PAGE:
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Following an article I wrote about forex advertising in 2010, I got some questions about what goes on behind the scenes. This article lays out the 5 different advertising methods, how they work and how they are priced.

Most of the advertising methods are used on other fields, not only forex. I hereby focus on the prices and characteristics that I’ve experienced here which are forex-centric of course:

  1. CPM: Cost Per Mil. This is the most  straightforward and transparent method – the advertiser and the publisher discuss the number of impressions and negotiate on  a price. The price is based on the cost of 1,000 impressions. Both sides can easily measure the number of impressions – the most transparent method. This method usually applies only for banners that are “above the fold” – banners that can be seen without scrolling down the page – an impression is always real. The pricing varies, but can depend on benchmarking Google AdSense performance.
  2. CPC: Cost Per Click. This method is mostly used by Google. Also here, both sides can usually measure the exact number of clicks that users clicked on the banners and pay according to a fixed cost per click. The problem here is detecting fraud – clicks that aren’t real. Google has developed sophisticated tools for this, but others haven’t, so this method isn’t too popular. In forex trading, Google banners can have an effective CPM of  $4 to $10, depending mostly on the location of the banners.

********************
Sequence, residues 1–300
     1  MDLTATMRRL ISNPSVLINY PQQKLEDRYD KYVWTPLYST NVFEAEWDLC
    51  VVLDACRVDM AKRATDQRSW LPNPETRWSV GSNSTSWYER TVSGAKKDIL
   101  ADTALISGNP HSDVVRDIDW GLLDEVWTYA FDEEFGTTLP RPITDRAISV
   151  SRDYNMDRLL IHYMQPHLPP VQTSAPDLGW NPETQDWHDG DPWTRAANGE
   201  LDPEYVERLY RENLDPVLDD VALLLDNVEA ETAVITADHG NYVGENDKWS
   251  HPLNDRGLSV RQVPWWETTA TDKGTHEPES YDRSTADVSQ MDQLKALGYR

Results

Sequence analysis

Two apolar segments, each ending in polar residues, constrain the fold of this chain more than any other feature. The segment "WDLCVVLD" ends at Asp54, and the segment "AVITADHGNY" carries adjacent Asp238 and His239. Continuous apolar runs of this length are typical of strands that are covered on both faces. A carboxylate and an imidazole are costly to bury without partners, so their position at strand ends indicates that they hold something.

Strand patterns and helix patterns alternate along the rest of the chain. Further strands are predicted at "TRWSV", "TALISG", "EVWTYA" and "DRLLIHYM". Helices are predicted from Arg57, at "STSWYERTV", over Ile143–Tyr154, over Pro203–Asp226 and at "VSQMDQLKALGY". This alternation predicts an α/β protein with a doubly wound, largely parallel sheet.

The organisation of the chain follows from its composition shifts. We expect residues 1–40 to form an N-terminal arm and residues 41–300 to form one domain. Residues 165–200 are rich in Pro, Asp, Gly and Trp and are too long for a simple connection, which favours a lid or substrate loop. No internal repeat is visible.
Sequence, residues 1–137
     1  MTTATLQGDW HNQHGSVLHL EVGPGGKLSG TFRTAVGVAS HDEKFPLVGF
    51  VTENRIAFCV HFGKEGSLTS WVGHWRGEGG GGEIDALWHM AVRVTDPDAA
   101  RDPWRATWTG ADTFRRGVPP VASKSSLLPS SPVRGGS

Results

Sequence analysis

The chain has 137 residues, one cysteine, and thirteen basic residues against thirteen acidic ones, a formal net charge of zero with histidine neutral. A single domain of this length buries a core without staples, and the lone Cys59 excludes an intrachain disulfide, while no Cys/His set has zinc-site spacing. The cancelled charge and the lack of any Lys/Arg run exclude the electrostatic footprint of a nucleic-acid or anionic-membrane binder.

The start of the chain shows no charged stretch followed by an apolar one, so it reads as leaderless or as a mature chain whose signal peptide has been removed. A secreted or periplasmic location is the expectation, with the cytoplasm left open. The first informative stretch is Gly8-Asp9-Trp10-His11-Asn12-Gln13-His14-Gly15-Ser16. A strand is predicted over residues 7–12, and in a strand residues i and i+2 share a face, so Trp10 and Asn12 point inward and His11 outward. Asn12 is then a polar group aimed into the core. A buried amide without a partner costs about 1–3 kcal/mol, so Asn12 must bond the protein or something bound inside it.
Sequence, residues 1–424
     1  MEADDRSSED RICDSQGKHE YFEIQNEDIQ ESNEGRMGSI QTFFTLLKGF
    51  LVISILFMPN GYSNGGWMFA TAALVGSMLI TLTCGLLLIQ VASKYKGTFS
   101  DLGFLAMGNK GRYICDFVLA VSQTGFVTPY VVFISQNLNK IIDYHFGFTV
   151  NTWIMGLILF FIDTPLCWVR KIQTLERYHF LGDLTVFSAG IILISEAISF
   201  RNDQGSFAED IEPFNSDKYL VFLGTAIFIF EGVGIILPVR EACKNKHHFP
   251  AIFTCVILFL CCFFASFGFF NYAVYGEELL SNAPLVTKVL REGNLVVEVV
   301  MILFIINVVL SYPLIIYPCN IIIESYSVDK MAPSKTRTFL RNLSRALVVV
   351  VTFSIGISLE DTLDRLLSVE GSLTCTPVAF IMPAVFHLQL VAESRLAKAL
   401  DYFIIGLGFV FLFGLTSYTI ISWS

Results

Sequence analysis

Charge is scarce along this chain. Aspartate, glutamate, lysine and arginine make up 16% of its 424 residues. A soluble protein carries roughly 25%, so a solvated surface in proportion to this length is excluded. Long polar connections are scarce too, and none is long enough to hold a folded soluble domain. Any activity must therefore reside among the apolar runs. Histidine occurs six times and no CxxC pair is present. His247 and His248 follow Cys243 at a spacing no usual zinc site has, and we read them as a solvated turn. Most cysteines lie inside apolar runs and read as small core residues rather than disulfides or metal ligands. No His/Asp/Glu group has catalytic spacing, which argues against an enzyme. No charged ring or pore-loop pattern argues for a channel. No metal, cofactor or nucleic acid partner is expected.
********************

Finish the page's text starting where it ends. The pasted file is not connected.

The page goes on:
3. CPA: Cost Per Action: This is the most popular method. The banner is placed for free and if a user clicks on the banner and eventually opens an account and deposits money, this is an action / acquisition. This method gives the broker full control. When the user leaves the publisher’s site, the publisher loses the ability to track the actions and solely relies on the broker’s reporting. As seen in this article, not all the brokers are honest, and some may not report all the conversions. Michael suggests trying to follow your banner and see if its reported. While this option sounds lucrative ($100 to $400 per cutomer), it may tricky. A publisher may place a banner for a long time and see a cent – even if the broker is honest. The next two methods have the same shortcomings uncertainty.
  4. CPL: Cost Per Lead. Same as CPA, just that the publisher is paid for leads and not for customers. There are more leads than customers than deposit, but the payout naturally smaller: $8 to $25 per lead.
  5. Revenue Share: In this method, the publisher shares the revenue from the customer throughout the lifetime of the customer. Needless to say, revenue from a customer is complicated to calculate, but it’s usually based on a share of the spreads. A publisher needs to trust the broker / ad network and test the results.

I hope this sheds some light.